Pre-eclampsia, antiretroviral therapy, and immune reconstitution

Lancet. 2002 Oct 12;360(9340):1152-4. doi: 10.1016/s0140-6736(02)11195-0.


Antiretrovirals are standard treatment for HIV-1-positive women during pregnancy in the UK, but little is known about maternal or fetal safety. In our cohort study of 214 pregnant women with HIV-1 infection, those who received no antiretroviral therapy had a rate of pre-eclampsia significantly lower (none of 61) than those on triple antiretroviral therapy (8 of 76; odds ratio 15.3, 95% CI 0.9-270, p=0.0087). However, the rate of pre-eclampsia in HIV-1-positive women on treatment did not differ from that in uninfected controls (12 of 214; p=0.2). The association of HIV-1-related immune deficiency with a low rate of pre-eclampsia, and the restoration of this rate in women treated with triple antiretroviral therapy to the expected rate indicates a pivotal role of the immune system in the pathogenesis of pre-eclampsia. The clinical presentation of pre-eclampsia and toxic effects of antiretroviral therapy could overlap and complicate diagnosis and management in these patients.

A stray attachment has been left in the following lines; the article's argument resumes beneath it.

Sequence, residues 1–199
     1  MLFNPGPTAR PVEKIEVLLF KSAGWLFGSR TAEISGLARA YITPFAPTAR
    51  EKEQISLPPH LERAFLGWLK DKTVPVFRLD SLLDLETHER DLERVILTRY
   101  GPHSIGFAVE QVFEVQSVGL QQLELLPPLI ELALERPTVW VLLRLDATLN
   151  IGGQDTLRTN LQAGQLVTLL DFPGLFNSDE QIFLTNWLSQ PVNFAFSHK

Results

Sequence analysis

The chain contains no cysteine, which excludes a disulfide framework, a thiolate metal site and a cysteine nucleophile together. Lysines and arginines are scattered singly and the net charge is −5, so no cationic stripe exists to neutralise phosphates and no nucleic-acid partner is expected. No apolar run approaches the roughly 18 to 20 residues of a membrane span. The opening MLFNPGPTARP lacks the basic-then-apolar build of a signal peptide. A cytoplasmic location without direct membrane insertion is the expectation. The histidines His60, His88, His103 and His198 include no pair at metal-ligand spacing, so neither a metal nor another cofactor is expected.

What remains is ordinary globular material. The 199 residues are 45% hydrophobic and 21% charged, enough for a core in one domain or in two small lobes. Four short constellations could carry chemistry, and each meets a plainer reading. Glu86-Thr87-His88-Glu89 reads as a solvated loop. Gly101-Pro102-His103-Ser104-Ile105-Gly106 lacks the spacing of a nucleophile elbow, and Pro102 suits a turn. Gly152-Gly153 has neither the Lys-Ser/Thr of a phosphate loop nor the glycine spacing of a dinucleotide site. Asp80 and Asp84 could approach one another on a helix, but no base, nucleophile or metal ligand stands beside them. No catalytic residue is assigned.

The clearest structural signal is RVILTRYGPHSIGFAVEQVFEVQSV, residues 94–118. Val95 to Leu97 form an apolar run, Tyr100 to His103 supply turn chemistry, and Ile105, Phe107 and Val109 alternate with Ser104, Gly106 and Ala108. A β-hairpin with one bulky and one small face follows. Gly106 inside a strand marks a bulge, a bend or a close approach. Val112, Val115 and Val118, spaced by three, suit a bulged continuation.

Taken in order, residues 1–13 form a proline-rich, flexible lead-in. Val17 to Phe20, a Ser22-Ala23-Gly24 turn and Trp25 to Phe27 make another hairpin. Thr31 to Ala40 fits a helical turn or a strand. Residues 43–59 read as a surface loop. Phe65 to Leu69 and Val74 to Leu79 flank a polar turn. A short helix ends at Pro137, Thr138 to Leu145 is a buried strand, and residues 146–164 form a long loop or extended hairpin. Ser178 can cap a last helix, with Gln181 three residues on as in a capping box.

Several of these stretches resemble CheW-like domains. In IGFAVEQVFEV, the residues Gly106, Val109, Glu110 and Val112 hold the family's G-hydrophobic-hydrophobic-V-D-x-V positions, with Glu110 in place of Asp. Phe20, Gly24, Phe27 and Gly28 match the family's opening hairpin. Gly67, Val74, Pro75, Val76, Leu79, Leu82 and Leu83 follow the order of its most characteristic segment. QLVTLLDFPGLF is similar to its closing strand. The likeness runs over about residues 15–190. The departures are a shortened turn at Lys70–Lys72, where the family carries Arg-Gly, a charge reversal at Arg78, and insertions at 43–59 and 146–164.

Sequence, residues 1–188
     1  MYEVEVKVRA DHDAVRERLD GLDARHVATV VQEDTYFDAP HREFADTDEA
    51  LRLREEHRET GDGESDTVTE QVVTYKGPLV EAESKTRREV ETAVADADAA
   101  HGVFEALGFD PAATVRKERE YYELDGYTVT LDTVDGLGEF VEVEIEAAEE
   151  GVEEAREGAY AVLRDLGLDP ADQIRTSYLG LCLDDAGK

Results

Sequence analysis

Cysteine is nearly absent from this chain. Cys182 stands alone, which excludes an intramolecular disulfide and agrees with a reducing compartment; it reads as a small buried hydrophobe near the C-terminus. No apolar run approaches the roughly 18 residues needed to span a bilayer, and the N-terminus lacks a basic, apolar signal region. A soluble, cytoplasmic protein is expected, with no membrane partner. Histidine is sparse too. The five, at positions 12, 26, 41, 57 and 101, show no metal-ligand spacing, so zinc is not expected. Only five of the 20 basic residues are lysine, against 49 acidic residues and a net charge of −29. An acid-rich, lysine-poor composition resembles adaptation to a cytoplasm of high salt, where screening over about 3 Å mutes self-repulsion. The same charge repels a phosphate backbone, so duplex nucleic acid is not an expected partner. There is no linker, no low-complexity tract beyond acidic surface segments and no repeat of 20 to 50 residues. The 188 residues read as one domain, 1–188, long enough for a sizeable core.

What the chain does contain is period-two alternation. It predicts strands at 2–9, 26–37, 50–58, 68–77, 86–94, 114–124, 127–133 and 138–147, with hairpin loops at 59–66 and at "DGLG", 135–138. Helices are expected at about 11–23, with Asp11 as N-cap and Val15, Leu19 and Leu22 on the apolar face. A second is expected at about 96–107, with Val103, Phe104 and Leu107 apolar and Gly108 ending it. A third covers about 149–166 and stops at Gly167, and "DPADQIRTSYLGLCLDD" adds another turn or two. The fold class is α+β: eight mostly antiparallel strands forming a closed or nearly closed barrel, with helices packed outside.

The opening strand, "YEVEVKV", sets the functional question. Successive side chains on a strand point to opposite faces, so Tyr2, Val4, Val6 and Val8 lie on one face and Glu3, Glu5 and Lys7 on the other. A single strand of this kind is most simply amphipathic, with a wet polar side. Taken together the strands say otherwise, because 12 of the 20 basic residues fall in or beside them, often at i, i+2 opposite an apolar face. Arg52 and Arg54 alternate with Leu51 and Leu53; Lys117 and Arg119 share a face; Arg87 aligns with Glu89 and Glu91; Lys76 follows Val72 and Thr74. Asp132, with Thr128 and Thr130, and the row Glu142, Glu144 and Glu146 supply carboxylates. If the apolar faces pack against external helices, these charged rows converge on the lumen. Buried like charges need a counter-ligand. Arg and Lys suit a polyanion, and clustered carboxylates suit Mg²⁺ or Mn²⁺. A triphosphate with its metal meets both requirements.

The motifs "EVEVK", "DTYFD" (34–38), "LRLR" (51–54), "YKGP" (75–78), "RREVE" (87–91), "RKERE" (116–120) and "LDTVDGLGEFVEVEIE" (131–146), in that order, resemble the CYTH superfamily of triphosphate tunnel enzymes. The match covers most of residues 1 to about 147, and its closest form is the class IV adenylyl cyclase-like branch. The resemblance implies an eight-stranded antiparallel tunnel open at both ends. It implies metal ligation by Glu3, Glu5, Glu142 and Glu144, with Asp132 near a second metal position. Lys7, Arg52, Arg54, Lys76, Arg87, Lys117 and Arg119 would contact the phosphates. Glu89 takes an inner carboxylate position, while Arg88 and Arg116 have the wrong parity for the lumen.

Publication types

  • Comparative Study
  • Research Support, Non-U.S. Gov't

MeSH terms

  • Adult
  • Anti-HIV Agents / adverse effects
  • Anti-HIV Agents / therapeutic use*
  • CD4-CD8 Ratio
  • Drug Therapy, Combination
  • Female
  • HIV Infections / drug therapy*
  • HIV Infections / immunology
  • HIV Infections / prevention & control
  • HIV-1* / drug effects
  • Humans
  • Infant, Newborn
  • Infectious Disease Transmission, Vertical / prevention & control
  • Pre-Eclampsia / immunology*
  • Pregnancy
  • Pregnancy Complications, Infectious / drug therapy*
  • Pregnancy Complications, Infectious / immunology
  • Prenatal Care


  • Anti-HIV Agents